On Oct. 17, Professor Dawn Johnsen, former Acting Assistant Attorney General in the Office of Legal Counsel, served on a panel of experts who testified on the responsibilities of the Department of Justice during the Senate Judiciary Committee's confirmation hearings on Attorney General-nominee Michael Mukasey. Other members of the panel included Chuck Canterbury, president of the Fraternal Order of Police; Rear Admiral John Hutson, former Judge Advocate General of the Navy and currently dean of the Franklin Pierce Law Center; Theodore Shaw, president of the NAACP Legal Defense & Educational Fund; former AG and Pennsylvania Governor Dick Thornburgh; and Mary Jo White, former U.S. attorney for the Southern District of New York.
Johnsen also served as a panelist on "Principles to Guide the Department of Justice under the Next Attorney General" at the National Press Club in Washington, D.C., Oct. 10 (sponsored by the American Constitution Society); as a panelist at conference on "The Presidency in the Twenty-First Century" at Boston University, Oct. 11; and as a panelist on "The New Separation of Powers: Parties, Politics, and the Presidency" at Yale Law School, Oct. 12.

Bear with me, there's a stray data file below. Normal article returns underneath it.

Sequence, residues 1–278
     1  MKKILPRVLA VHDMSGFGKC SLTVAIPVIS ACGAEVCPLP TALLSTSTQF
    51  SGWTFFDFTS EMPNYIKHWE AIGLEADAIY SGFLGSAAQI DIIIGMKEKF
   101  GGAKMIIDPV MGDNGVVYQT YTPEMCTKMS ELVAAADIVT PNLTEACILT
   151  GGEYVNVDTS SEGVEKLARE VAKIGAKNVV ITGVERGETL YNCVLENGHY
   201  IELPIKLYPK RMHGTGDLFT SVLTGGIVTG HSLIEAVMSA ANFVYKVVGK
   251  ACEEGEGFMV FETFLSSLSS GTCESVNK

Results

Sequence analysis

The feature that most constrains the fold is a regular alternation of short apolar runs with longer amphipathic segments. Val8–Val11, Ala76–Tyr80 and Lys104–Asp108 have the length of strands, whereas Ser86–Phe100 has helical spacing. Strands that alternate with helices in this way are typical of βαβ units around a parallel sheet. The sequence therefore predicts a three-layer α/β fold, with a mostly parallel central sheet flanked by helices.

On Oct. 10, Professor Leandra Lederman presented her article entitled "'Stranger Than Fiction': Taxing Virtual Worlds," at a faculty workshop at St. Louis University School of Law.
Professor Mark Need presented "Expansion of Skills Training to Newer Areas" at the Midwest Clinical Conference at Drake University.
Congratulations to Bill Popkin, whose book Evolution of the Judicial Opinion: Institutional and Individual Styles has just been published by the NYU Press.
Student, Alumni Honored for Writings